Minnesota suburbs find that many private fire hydrants don't work

  • Article by: SUSAN FEYDER , Star Tribune
  • Updated: March 1, 2013 - 11:41 PM

Until recently, privately owned fire hydrants in Burnsville weren’t being tested or maintained.

Photo: MARLIN LEVISON • mlevison@startribune.com ,

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Firefighters dispatched to a Lake­ville restaurant last summer were confronted with an unpleasant surprise, a situation waiting for emergency crews in a number of Twin Cities suburbs.

The nearest fire hydrant didn’t work.

They rushed to a second hydrant and were able to quickly extinguish the small fire. But Fire Chief Mike Meyer said they were fortunate. “There’s a time loss. You wind up diverting people away from extinguishing the fire to dragging the hose,” he said.

The unsettling situation was discovered in other suburbs, too. While most hydrants are owned and maintained by cities, some communities also have ones that are privately owned. They were often installed at apartment and townhouse complexes but also can be found next to strip malls, warehouses and some churches.

And many of them didn’t work.

City officials in Burnsville, Lake­ville and Eagan discovered last year that most owners weren’t maintaining their hydrants and didn’t even know they should. “They were under the impression their hydrants were public, and that the city was taking care of them,” said Steve Albrecht, Burnsville’s public works director.

In some cases, decades had passed with the hydrants uninspected. Tests suggest that as many as one in five of the private hydrants in the cities don’t work.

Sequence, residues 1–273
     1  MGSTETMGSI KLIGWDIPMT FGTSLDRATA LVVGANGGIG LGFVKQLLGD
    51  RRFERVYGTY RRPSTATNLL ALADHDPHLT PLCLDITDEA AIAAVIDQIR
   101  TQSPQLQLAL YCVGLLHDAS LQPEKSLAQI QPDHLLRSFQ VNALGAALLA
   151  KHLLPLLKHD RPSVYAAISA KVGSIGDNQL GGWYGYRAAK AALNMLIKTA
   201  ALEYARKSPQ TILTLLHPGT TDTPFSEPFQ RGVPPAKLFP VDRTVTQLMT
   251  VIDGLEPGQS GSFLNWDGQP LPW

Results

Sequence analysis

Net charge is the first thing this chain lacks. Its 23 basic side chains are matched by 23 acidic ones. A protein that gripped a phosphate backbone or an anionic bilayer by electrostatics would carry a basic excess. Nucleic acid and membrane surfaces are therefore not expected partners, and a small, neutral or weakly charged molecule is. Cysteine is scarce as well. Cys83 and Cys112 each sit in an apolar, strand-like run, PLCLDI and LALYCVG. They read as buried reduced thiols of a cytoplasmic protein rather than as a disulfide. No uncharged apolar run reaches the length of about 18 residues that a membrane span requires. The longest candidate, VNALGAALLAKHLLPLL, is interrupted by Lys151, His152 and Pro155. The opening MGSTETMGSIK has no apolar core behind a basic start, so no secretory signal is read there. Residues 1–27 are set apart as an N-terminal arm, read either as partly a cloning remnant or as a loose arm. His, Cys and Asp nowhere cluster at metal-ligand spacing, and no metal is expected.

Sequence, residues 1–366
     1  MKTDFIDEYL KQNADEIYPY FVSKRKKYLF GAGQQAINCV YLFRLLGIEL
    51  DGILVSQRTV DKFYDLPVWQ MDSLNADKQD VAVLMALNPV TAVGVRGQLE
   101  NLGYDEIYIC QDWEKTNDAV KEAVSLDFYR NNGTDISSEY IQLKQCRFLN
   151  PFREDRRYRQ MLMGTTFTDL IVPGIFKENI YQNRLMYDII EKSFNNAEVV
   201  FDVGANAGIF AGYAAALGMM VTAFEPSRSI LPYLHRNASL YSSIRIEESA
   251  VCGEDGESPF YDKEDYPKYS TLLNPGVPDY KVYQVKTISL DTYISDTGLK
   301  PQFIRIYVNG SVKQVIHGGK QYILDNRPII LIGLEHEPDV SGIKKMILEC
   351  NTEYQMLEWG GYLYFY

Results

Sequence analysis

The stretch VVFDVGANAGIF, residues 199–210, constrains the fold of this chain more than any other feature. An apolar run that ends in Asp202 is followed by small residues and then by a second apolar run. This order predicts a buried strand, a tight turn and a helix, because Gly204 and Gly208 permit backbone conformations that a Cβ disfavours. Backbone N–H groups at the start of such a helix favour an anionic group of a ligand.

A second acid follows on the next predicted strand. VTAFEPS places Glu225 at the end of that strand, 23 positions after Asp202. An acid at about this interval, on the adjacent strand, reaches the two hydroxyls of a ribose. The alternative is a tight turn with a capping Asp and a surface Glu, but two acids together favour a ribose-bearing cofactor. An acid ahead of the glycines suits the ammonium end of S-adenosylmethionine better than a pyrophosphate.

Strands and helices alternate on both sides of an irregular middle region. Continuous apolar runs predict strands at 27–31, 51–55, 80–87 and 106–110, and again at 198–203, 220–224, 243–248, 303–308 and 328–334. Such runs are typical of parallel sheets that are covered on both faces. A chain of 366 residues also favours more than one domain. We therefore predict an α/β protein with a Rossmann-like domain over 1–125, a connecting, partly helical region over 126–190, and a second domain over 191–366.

Minnesota’s fire code requires that all hydrants be inspected annually and kept in working order.

In addition to Lakeville, Burnsville also knows of at least one instance in which firefighters have shown up to a fire and the first hydrant they tried didn’t work. They also were able to switch to other nearby hydrants in time. “We all had been lucky, but the potential is there,” Albrecht said.

Burnsville and other neighboring cities have begun contacting private hydrant owners, letting them know they’ll need to document inspections and take care of repairs. In most cases, owners will have the option of hiring outside contractors to do the work or have the city do it and bill them.

“We’re trying to be proactive, and the owners have been supportive,” Albrecht said.

Burnsville was the first in Dakota County to come across the potential safety hazard when it began testing public and private hydrants as part of a project to upgrade them with new nozzles.

“It was concerning,” Albrecht said. The tests led the city to conclude that 15 to 20 percent of its 1,300 private hydrants were not functioning.

Burnsville shared what it had learned with public works and fire departments in neighboring cities, which did their own round of checks and found similar results.

“It was an ‘Aha! moment,’ ” said Russ Matthys, public works director in Eagan, where more than 500 of the city’s 4,000 hydrants are privately owned.

Close calls

Firefighters responding to last summer’s small fire at the Chart House restaurant in Lakeville initially hooked up their hoses to the non-working hydrant as a backup to the water supply in their truck, Meyer said. Diverting firefighters to move the hose to a second hydrant could have had serious consequences, he said.

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